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Movment assessment tools - still gender biased?
Swedish School of Sport and Health Sciences, GIH, Department of Sport and Health Sciences.ORCID iD: 0000-0003-2232-253X
2013 (English)Conference paper, Abstract (Refereed)
Abstract [en]

Movement skills assessment tools - still gender biased?!

In 1997 Antony Okely and Jan Wright argued that fundamental movement skills test are gender biased and most assessment tools are strongly related to the skills integral to traditional male sports. From these test results it is deduced that girls are poorly skilled. How does it look today, 15 years later? Have girls’ results in movement skills assessments increased during the last decade?  Have the assessment tools been revised in terms of adding skills which are essential to female activities e.g. balance and rhythm, which were proposed by Okely and Wright in 1997? 

         Several studies conducted in the last ten years have shown that the boys still are outperforming girls in movements skills tests (e.g. Barnett et al., 2008; Hands et. al., 2009; Okely et al., 2001ab; Reed et al., 2004; Robinson, 2010; Stodden et al., 2009). A few studies show some skillsto girls'advantage. Hands and colleges (2009) have shown that girls outperform boys in skills which include flexibility and Jaakkola and colleges (2009) indicate that girls perform better than boys in balance skill. In most of the studies boys still are assessed to perform better the girls in object control skills e.g. Barnett et al. (2010).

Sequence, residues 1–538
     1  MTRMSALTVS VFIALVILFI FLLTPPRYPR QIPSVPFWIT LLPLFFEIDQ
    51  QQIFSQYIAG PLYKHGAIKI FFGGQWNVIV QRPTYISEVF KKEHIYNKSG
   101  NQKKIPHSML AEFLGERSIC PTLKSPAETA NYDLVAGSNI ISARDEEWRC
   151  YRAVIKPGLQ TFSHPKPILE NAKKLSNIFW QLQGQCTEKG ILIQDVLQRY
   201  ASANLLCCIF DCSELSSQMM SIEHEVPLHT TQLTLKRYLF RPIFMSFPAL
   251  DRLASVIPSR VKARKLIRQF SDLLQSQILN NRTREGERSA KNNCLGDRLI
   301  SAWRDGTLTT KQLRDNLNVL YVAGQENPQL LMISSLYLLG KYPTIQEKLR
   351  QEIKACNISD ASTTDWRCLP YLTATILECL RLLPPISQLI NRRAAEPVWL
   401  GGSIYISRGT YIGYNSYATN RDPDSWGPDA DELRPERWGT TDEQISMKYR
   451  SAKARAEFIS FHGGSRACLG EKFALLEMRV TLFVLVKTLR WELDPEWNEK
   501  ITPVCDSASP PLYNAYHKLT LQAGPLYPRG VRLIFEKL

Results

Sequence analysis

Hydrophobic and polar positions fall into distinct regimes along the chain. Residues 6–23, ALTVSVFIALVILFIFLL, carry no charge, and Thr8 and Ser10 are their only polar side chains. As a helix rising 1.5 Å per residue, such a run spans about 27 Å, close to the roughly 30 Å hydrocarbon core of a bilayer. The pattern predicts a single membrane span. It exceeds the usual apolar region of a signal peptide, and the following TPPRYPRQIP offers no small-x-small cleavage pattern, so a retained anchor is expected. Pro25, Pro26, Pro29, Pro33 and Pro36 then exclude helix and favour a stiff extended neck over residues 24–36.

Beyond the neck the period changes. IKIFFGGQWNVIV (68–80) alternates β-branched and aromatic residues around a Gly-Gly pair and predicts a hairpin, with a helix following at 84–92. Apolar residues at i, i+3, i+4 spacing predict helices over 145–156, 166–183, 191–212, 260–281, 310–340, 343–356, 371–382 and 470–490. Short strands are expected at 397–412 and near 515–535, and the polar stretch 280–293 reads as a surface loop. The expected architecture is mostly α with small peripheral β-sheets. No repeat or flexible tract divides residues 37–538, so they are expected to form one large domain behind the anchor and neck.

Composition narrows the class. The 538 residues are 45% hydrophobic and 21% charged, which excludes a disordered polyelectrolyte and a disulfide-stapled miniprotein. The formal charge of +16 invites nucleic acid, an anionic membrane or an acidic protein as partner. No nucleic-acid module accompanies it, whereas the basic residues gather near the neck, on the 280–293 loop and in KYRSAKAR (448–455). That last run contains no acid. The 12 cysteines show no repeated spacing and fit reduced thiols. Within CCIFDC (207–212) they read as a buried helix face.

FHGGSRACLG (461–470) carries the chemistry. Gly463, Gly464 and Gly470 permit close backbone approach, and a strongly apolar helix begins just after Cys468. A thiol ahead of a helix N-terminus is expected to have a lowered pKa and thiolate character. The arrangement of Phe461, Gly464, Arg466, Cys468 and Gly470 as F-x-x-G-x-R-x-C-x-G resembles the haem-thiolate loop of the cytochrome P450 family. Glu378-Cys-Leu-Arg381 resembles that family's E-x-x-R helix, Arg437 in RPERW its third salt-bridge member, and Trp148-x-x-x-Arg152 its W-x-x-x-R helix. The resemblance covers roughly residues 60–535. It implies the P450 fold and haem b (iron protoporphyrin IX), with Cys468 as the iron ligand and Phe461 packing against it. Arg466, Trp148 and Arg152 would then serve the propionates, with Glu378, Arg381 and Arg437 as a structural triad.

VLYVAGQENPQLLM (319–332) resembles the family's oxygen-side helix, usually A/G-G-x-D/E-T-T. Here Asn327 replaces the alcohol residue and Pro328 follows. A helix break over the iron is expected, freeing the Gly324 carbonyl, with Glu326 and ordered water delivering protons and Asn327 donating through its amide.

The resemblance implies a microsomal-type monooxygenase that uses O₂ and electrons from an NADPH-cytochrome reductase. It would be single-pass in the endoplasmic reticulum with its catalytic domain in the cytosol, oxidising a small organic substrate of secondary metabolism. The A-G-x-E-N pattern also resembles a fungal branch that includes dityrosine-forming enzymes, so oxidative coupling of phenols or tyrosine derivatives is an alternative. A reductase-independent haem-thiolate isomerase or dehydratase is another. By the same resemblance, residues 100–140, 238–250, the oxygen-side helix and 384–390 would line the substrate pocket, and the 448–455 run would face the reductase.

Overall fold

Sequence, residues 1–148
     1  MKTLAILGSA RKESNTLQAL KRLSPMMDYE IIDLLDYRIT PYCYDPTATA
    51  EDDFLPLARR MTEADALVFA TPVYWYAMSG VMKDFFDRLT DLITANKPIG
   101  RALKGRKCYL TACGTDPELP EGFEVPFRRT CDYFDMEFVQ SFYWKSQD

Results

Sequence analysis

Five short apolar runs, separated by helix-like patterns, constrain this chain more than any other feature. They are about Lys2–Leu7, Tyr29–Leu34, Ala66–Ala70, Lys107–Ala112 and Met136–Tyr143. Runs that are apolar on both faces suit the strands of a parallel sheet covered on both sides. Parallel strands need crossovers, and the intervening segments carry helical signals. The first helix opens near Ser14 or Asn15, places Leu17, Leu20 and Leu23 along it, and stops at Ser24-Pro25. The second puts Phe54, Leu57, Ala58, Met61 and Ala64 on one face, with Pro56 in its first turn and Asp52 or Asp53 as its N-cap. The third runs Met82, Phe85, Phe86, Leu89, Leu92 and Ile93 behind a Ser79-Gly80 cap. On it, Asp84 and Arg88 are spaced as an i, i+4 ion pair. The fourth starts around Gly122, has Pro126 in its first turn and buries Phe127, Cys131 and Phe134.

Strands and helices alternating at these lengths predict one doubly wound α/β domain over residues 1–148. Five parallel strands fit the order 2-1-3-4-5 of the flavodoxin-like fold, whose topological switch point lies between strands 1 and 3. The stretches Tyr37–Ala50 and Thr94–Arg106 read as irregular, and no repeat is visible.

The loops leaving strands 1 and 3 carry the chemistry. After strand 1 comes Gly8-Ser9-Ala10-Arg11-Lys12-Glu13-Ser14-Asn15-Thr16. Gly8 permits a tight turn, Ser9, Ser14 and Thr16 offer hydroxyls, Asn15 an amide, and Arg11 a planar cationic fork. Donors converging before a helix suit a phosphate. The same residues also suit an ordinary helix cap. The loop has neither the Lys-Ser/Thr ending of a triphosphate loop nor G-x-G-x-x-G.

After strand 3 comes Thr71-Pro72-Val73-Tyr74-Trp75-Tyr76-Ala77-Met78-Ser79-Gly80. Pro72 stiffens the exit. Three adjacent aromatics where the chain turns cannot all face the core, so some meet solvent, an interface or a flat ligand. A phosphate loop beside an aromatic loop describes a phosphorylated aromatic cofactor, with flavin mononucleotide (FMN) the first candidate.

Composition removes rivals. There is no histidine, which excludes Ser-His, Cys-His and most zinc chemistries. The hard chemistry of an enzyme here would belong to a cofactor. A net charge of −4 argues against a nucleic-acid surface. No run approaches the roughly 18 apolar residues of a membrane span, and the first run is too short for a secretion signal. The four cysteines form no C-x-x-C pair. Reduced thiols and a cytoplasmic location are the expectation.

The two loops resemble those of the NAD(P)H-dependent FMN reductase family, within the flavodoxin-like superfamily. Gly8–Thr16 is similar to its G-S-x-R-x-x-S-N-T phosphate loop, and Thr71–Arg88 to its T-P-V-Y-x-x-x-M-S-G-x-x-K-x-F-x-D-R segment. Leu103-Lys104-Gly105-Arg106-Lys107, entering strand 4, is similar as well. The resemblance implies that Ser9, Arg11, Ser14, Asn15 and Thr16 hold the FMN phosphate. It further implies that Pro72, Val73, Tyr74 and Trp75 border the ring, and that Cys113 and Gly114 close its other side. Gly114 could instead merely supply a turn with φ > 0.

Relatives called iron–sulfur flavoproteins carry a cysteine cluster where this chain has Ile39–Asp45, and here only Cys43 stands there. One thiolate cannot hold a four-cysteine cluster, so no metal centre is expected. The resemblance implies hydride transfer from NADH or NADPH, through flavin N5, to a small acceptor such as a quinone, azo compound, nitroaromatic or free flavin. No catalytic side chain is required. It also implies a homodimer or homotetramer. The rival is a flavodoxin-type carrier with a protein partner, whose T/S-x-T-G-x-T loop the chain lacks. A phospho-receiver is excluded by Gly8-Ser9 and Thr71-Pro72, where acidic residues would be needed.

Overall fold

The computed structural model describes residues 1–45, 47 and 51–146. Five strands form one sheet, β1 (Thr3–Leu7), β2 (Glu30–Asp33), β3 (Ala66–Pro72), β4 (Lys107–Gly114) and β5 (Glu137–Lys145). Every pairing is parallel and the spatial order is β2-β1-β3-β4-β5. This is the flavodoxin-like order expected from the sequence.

It is also discussed that boys perform better than girls in tests that use a quantity approach, results in terms of speed or distance, instead of a qualitative approach, focused on how the skill is performed. The qualitative approach has been suggested to provide a more accurate and gender neutral assessment of the skill level (Okely & Wright 1997).

           The presentation will include discussions about how to provide assessment of movement skills in a gender-neutral way. Is it as possible as just adding some skills that usually girls are good at or is the question greater than that?  Shouldn’t girls and boys develop the same skills? Is a test gender- neutral if it assesses a number of classic masculine or feminine skills?

Place, publisher, year, edition, pages
2013.
National Category
Educational Sciences
Research subject
Social Sciences/Humanities
Identifiers
URN: urn:nbn:se:gih:diva-4242OAI: oai:DiVA.org:gih-4242DiVA: diva2:876412
Conference
International Association Of Physical Education And Sport For Girls And Women – 17th World Congress Report April 10th – 13th 2013, Havana, Cuba
Available from: 2015-12-03 Created: 2015-12-03 Last updated: 2015-12-07Bibliographically approved

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Citation style
  • apa
  • harvard1
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  • vancouver
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More styles
Language
  • de-DE
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